Imagine a graph. The X-axis is hoppiness and the Y-axis is maltiness. Graphing styles on this graph would be useful- you could visualize that American Barleywine and English Barleywine are both hoppy, but that American Barleywine is also more hoppy. You could also see that some styles would cluster together – an American Amber Ale and an American Porter would likely not be fair apart.
You can see how mapping these out and finding neighbors could be interesting.
But what if you have more than hoppiness and maltiness? Sure, you could add the Z axis for sour, or color, or whatever else. But you can’t easily visualize more than 3 dimensions.
That’s the problem I was having with the What to Brew data. For each addition, I have a number from 0 to 1 of how well it pairs with a given style. In other words, I have data in 96 dimensions. How can I visualize similar additions and see what additions might complement each other, or just explore the data?
Luckily, there are a few tools that can be useful here, and Google Tensorflow has made it easy.
Open up one of these links, and live data (updated nightly) from What to Brew’s database will load. The initial view will look like this:
This uses Principal component analysis (PCA) to reduce the dimensions of data, while trying to show as much variance as possible. You’ll want to click the “A” icon to enable 3D labels mode. Play around with this view mode, but I’ve found that PCA doesn’t really do a great job of clustering this dataset.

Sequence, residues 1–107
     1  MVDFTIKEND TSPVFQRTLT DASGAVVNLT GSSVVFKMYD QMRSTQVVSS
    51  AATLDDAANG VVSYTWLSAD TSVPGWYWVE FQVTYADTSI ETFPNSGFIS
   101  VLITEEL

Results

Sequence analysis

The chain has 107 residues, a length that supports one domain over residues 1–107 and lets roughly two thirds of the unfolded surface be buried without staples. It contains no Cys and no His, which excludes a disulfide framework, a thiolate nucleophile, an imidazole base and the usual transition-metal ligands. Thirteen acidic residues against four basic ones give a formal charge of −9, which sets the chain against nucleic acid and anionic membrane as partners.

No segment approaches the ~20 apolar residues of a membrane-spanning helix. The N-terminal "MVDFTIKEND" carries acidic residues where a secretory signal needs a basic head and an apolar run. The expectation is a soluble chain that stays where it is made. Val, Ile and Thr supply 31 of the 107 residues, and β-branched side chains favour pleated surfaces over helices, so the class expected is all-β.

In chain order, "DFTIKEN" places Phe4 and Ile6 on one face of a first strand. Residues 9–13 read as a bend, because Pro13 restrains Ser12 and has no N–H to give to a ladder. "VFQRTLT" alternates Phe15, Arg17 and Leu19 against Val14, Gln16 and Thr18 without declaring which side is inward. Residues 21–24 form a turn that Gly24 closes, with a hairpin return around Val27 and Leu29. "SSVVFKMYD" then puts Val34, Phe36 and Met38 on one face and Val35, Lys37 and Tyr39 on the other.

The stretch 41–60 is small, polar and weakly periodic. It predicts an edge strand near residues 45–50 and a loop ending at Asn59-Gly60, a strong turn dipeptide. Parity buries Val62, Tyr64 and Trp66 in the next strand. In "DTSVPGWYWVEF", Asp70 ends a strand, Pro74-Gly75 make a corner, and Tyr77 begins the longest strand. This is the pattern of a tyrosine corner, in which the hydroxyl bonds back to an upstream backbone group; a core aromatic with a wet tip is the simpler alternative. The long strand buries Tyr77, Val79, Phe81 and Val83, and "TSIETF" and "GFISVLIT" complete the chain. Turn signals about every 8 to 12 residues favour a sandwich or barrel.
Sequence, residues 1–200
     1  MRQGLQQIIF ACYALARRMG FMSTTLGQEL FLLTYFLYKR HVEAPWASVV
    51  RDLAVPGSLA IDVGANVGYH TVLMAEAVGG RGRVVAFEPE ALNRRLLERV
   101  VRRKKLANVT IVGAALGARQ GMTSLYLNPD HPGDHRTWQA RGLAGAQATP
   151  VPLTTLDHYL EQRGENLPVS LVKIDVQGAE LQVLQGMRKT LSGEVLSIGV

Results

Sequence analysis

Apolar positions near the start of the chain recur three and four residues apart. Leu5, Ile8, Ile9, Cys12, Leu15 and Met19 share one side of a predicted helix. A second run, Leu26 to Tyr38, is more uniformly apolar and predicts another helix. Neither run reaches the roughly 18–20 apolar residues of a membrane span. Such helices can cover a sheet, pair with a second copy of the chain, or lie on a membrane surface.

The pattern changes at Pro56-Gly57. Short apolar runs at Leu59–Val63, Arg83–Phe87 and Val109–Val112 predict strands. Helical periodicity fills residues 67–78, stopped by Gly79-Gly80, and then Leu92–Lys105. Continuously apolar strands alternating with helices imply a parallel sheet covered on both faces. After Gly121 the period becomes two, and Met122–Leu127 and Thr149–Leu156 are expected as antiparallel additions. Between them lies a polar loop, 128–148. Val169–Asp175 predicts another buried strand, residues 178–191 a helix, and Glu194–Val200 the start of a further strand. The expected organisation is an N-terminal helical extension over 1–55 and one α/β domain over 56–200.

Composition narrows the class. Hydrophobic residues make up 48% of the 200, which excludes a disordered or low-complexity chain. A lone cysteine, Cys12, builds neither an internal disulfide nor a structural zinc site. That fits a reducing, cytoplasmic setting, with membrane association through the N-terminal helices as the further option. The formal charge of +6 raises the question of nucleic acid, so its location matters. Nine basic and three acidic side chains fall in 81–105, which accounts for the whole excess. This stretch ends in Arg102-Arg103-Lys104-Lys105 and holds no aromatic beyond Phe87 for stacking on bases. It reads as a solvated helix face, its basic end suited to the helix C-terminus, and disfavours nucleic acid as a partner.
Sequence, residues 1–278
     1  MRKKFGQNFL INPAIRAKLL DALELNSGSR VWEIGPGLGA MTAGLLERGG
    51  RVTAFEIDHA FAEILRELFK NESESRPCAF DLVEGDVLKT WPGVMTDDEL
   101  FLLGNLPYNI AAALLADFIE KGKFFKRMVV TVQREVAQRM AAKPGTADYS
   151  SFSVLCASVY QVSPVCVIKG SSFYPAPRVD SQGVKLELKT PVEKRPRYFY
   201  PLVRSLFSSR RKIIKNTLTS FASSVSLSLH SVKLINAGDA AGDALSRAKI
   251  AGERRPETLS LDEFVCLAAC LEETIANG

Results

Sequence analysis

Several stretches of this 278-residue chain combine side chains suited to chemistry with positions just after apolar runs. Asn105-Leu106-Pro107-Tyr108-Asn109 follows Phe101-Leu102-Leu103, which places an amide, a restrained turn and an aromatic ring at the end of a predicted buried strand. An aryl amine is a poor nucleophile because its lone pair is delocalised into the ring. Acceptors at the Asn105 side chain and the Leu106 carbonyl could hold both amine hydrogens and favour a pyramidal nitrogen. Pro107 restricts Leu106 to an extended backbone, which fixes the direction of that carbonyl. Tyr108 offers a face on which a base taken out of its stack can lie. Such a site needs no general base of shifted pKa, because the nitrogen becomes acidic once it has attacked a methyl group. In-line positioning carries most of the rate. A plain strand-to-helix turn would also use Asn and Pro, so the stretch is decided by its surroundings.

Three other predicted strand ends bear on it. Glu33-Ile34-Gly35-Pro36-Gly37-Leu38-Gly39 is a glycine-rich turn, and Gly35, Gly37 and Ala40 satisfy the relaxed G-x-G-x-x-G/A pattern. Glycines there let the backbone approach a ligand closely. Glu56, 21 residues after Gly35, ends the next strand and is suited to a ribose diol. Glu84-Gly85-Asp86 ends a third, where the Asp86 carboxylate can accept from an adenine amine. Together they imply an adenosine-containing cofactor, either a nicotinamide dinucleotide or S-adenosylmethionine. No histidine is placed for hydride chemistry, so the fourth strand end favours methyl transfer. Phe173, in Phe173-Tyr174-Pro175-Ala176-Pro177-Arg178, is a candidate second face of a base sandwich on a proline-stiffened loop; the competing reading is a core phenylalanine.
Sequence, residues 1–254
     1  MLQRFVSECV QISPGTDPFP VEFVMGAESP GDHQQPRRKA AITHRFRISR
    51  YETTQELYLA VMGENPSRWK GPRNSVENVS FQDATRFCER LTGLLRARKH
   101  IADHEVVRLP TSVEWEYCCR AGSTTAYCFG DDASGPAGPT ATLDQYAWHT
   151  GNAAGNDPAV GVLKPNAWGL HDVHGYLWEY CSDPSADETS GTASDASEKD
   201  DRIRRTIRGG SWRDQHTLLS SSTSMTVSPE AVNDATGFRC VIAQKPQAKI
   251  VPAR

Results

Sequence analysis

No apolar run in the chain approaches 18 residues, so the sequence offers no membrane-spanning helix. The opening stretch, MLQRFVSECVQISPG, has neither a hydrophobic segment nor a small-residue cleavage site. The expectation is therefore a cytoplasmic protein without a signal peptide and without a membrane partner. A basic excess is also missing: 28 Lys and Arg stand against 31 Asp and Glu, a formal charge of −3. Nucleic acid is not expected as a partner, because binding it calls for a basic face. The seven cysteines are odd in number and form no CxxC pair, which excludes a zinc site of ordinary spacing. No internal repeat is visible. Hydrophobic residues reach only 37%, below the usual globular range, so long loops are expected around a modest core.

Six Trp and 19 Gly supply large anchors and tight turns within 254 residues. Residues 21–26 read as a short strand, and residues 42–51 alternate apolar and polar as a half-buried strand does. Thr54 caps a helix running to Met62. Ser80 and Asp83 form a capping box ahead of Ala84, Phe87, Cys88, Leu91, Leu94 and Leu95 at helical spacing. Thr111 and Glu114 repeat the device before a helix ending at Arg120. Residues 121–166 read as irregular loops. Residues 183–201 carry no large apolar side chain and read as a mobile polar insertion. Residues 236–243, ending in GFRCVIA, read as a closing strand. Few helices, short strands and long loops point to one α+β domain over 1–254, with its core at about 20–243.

Instead, switch over to t-SNE (t-distributed stochastic neighbor embedding) and let it run awhile. This uses machine learning to reduce the dimensions. I found that raising the perplexity initially helped to get better results.
While this runs, you can try playing around with the “Color by” function, to highlight different style and addition groupings.
I’ve found that style groupings (top-fermented, wheat-beer-family, british-isles) don’t tend to group together. In other words, style groupings don’t appear to predict addition compatibility. This makes sense, as a grouping like “pale-ale-family” includes a fair amount of variety.
Addition groupings do tend to be more predictive of style compatibility. In other words, fruity additions tend to go with similar styles, and herbal additions tend to go with similar styles. This tends to work even with sub-clusters, like berry, tree-fruit, or citrus.
Take some time to play around with these- it’s a fun way to visualize a large amount of data.